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China slowdown could end up being good news for US

Robots weld BMW X4 SUV body frames in May at the company’s assembly plant in Greer, S.C. Photo: Bloomberg

China’s economic slowdown and Beijing’s fumbling policy response have battered U.S. markets recently. But a slower-growing China, over the long haul, could be a plus for the U.S. in several ways.

On the economic side, a China slowdown would keep a lid on consumer prices as weak demand in China would depress the price of commodities such as copper, oil and steel used in cars, electronics and other consumer favorites, economists say.

And if China presses hard to remake its economy to focus on its service industry, as Chinese reformers have long urged, that would give a boost to U.S. companies, like software and entertainment firms if China gives them space to operate, and would cut overproduction in China’s industrial sectors.

Another plus: big Chinese firms, say economists, would be likely to invest more in the U.S. as returns on investment shrink in China and expand in the U.S. Similarly, some of China’s brightest talent, who are already educated in the U.S., might choose to stay abroad rather than return home if economic prospects in China fade.

On the geopolitical stage, slower growth would put off for decades the time when China could boast it was the world’s largest economy, a threshold some estimate it may cross by 2030. That would weaken China’s claims to global leadership and undermine the “China model” of development, where the state plays a big role directing the economy. In contrast, U.S. arguments that growth depends on entrepreneurial innovation, freedom of thought, and minimal government constraints would be bolstered.

“China’s economic struggles are likely to subtly shift the balance of power in both bilateral and multilateral negotiations in favor of the U.S., whose economic recovery continues to gather momentum,” said Eswar Prasad, a Cornell economist who was a senior China official at the International Monetary Fund. “The U.S. will go into meetings of the G-20 and international institutions with a stronger hand relative to China.”

For many countries, strong Chinese growth is critical. They include China’s neighbors in Asia, which depend on China trade, and commodity producers in Latin America and Africa. Moody’s Analytics calculates that every 1 percentage point fall in Chinese GDP growth reduces global gross domestic product by 0.5 percentage point. (The global number also includes China, which makes the result seem more dramatic.)

But the U.S. isn’t all that closely tied to China. U.S. exports to China are about 1% of U.S. GDP, and Chinese direct investment in the U.S. is just a fraction of a percent of total foreign investment.

“If China disappeared from the map,” said Paul Ashworth, an economist for Capital Economics, U.S. GDP growth would fall by about 1 percentage point. “That’s not even a recession.”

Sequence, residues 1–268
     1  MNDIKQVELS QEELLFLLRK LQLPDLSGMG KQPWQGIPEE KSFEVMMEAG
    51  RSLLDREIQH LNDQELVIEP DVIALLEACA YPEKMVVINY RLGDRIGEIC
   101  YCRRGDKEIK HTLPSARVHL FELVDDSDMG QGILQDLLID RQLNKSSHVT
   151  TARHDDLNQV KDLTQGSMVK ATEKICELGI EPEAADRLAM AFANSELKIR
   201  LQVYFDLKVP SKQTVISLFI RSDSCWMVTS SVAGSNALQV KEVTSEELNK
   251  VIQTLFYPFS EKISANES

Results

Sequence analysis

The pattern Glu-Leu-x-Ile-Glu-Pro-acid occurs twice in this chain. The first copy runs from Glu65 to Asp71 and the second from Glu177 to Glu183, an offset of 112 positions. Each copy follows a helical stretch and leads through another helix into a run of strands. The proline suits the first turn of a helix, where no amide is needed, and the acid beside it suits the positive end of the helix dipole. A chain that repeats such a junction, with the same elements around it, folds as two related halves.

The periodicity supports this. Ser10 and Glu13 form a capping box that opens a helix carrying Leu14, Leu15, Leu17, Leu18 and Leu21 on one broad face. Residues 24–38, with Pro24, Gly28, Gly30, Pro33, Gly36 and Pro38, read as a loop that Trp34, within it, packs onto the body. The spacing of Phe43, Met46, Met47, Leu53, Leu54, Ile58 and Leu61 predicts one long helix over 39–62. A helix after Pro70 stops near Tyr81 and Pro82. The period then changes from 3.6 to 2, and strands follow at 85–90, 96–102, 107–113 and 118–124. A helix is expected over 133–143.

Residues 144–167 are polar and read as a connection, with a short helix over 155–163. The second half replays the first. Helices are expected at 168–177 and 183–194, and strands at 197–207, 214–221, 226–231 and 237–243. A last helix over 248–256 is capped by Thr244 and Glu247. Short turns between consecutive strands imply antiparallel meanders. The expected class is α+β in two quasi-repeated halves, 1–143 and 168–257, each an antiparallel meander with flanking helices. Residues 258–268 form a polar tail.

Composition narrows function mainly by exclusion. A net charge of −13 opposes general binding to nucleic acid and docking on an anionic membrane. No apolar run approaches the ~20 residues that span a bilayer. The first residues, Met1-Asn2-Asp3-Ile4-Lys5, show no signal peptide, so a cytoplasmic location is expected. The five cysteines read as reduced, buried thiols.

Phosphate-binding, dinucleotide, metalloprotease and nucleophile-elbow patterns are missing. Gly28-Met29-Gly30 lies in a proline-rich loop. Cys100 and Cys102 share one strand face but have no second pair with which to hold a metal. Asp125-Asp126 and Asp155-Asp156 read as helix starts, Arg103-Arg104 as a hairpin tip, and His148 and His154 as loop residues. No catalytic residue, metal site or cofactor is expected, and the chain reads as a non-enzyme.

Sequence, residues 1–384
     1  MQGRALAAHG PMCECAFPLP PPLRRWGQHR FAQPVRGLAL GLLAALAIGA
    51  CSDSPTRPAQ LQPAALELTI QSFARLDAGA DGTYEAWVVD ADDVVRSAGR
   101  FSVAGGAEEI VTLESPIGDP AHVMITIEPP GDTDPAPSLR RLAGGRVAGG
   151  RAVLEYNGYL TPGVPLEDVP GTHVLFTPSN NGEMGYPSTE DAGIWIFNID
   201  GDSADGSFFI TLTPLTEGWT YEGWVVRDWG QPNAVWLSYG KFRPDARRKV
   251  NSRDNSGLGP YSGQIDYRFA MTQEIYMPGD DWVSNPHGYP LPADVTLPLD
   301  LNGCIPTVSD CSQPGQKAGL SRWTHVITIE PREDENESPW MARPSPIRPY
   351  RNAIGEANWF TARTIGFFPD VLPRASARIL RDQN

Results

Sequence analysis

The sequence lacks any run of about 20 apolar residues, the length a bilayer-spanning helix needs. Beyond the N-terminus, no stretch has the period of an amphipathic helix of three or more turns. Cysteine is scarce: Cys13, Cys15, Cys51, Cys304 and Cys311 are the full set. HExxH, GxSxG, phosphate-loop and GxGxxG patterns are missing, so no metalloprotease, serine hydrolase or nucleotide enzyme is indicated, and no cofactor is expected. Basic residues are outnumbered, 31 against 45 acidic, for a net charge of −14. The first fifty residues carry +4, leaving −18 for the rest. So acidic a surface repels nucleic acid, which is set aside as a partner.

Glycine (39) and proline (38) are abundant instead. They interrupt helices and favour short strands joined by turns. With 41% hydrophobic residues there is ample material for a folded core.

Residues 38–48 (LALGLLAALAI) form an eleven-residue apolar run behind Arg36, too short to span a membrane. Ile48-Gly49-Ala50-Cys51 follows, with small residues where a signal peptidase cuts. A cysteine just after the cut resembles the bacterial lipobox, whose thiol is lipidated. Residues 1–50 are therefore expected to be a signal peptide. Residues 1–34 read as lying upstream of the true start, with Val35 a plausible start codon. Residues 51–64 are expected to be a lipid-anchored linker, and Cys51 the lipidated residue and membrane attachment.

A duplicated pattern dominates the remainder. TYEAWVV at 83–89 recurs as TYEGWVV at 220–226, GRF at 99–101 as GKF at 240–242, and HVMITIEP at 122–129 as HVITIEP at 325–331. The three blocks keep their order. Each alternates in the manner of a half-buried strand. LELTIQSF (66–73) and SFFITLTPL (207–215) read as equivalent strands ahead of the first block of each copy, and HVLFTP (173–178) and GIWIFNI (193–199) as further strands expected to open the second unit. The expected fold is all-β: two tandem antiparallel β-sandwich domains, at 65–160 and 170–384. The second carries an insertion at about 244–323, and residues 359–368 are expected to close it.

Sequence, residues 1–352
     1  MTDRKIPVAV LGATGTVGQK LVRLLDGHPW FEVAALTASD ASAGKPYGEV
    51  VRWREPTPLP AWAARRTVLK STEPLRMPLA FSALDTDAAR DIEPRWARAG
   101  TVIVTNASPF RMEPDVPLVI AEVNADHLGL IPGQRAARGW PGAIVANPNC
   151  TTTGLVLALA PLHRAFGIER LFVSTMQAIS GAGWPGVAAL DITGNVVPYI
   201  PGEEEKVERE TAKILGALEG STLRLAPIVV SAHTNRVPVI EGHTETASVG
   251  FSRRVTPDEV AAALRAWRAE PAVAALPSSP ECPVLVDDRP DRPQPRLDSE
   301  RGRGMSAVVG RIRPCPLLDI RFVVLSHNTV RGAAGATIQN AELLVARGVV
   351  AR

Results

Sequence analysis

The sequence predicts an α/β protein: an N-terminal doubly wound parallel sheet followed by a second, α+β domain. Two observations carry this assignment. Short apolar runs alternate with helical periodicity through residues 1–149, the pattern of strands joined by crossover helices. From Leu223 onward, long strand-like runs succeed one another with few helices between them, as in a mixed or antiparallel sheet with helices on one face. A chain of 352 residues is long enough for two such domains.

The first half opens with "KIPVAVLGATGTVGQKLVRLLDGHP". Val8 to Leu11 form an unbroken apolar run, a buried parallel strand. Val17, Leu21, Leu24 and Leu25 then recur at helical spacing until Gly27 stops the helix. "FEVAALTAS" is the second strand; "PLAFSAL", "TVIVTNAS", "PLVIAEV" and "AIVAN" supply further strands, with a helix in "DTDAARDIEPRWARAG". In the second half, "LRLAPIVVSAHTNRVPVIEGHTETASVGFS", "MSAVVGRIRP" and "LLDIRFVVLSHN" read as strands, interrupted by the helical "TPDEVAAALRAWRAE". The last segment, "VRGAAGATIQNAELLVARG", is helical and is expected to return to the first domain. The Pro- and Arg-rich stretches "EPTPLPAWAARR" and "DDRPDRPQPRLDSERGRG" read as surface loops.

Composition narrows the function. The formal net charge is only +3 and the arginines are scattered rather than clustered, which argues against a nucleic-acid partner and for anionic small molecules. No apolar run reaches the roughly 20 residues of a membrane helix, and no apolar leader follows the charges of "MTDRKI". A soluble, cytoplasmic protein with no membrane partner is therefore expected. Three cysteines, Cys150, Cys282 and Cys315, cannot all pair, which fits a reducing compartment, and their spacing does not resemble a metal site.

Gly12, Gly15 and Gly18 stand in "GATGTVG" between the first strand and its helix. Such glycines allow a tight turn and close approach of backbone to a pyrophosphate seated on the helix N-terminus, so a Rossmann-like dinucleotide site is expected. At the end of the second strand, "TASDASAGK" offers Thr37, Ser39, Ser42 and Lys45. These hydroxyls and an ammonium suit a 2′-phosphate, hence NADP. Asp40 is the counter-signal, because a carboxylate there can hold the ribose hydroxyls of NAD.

Potential gains for the U.S. from a China slowdown have become fodder for some finger-pointing in Beijing. Yao Yudong, a researcher at China’s central bank, blamed the Federal Reserve’s plans to raise U.S. interest rates—not China’s economic problems—for the global market turmoil.

How large a gain the U.S. would reap depends heavily on how China responds to its problems.

A significant shift toward a consumer-based economy would require China to reduce barriers that keep migrants from living in cities, strengthen the country’s weak social safety net so consumers don’t feel they need to save so much and sharply reduce state control of banks, among other big changes that are opposed by powerful local governments and state-owned firms.

Those changes would produce a big opportunity for U.S. banks, insurance companies, health-care firms, Internet and entertainment companies to do more business in China, specialists said. The changes would also de-emphasize old-line industries, such as steel and tires, that are burdened by overcapacity and export their excesses—prompting big trade fights around the world. Many of those money-losing companies would go out of business if Chinese banks made loans based on profitability, rather than government direction.

But even if China were to ignore reform, look to its old playbook and try to boost exports once again, the U.S. is unlikely to be hurt much. As the world’s largest exporter, said University of California at San Diego economist Gordon Hanson, China doesn’t have much room to expand exports, and the U.S. has already absorbed the bulk of the shock from the China export juggernaut.

A China looking to expand its industrial sector would resemble Japan in the 1990s, which was losing steam economically, layering on debt to keep companies afloat and looking for the government to create an industrial strategy that would pull the country out of its funk. Japan’s vaunted bureaucrats never succeeded.

“The (Chinese) government would make bets on industries,” said Mr. Hanson. “Some would work out and some wouldn’t.” Chinese Premier Li Keqiang has been pushing China to develop 3-D printing, the Internet-of-Things, and a homegrown semiconductor industry, among other pet projects.

Of course a sharp economic slowdown at home could tempt China’s leaders to try military adventurism abroad to retain support. But even here, slower growth would work to the U.S. advantage. “It’s one thing to expand your military budget 10 % a year, when you’re growing 7% a year,” said former Obama Treasury official Ted Truman. “It’s another thing to do it when you’re growing 4%. It would eat up the rest of the budget. That would lessen China’s challenge to U.S. dominance.”

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